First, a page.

|Document Type:||Journal Article|
|Title:||Freshwater habitat associations between pink (Oncorhynchus gorbuscha), chum (O. keta), and Chinook salmon (O. tshawytscha) in a watershed dominated by sockeye salmon (O. nerka) abundance|
|Author:||G. R. Pess, T. P. Quinn, D. E. Schindler, Martin Liermann|
|Journal:||Ecology of Freshwater Fish|
|Keywords:||salmon monitoring,habitat associations,community ecology|
To understand the interplay between habitat use and contemporary anadromous salmon, Oncorhynchus spp., we explored the habitat associations of three Pacific salmon species, pink (O. gorbuscha), chum (O. keta), and Chinook salmon (O. tshawytscha) in streams of the Wood River system of Bristol Bay, Alaska, where sockeye salmon (O. nerka) are numerically dominant. We developed models to investigate the relationships among the occurrence of non–dominant salmon, habitat characteristics, and competition with dominant sockeye, using four decades of salmon presence and abundance data, and habitat survey data. We found that the frequency of occurrence and abundance of non–dominant species increased with watershed drainage area and stream depth and decreased with sockeye salmon density. The range of occurrence varied from non–existent to perennial of the other species in sockeye dominated streams. Increasing watershed area resulted in larger stream habitat area and deeper habitats, allowing for the sympatric occurrence and persistence of all salmon species.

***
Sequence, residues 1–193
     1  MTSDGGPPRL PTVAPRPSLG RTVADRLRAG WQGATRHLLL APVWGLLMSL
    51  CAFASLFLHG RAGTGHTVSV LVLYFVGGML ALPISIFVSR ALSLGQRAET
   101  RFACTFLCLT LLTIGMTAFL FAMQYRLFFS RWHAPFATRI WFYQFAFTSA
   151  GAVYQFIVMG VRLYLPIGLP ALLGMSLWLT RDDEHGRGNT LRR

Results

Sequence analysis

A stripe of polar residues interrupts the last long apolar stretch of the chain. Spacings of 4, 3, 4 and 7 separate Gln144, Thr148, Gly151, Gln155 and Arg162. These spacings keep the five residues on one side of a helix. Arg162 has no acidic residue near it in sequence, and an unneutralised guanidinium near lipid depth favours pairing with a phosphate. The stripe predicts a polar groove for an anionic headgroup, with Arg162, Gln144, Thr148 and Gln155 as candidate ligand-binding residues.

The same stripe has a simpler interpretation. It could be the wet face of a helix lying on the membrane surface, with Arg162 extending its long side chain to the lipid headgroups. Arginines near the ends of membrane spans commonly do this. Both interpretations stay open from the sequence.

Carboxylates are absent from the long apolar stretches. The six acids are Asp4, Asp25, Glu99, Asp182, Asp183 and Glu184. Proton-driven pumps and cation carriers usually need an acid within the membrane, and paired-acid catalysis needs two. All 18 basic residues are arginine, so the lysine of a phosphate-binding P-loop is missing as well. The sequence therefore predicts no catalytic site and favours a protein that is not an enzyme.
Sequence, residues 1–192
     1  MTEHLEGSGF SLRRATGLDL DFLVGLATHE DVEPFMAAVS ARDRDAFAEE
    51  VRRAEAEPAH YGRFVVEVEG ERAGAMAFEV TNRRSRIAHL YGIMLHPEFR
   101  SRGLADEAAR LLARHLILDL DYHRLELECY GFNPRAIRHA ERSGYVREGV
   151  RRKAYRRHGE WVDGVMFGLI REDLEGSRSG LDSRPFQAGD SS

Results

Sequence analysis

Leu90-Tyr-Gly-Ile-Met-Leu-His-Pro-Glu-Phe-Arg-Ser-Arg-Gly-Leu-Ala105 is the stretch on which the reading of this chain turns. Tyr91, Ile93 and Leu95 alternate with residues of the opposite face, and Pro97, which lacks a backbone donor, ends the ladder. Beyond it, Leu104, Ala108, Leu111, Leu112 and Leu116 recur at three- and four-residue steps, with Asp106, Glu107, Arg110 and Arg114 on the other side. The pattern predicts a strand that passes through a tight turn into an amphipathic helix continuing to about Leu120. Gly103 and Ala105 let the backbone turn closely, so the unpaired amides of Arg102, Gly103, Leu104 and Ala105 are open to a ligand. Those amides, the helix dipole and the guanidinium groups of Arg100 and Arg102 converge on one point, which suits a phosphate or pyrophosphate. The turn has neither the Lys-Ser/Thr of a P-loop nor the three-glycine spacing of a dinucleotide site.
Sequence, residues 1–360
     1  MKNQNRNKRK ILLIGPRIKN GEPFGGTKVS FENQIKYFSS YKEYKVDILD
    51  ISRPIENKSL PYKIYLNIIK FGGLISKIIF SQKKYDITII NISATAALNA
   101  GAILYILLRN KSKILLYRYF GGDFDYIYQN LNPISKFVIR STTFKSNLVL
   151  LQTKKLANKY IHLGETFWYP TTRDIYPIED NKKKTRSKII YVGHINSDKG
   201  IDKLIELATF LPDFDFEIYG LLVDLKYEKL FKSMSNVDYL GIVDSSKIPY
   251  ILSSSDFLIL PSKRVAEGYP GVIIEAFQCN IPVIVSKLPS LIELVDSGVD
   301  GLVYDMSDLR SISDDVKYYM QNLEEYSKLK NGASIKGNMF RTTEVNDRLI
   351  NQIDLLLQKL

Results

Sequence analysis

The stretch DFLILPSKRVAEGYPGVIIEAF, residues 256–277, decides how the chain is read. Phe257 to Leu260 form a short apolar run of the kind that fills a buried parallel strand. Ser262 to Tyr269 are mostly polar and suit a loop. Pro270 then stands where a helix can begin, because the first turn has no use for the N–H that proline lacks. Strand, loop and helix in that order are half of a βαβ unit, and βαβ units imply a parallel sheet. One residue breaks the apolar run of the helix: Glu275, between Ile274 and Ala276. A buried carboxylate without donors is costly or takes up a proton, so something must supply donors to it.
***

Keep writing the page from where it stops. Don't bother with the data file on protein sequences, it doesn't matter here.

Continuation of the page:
|Theme:||Habitats to Support Sustainable Fisheries and Recovered Populations|
Characterize habitat effects on ecosystem processes, ecological interactions and the health of organisms.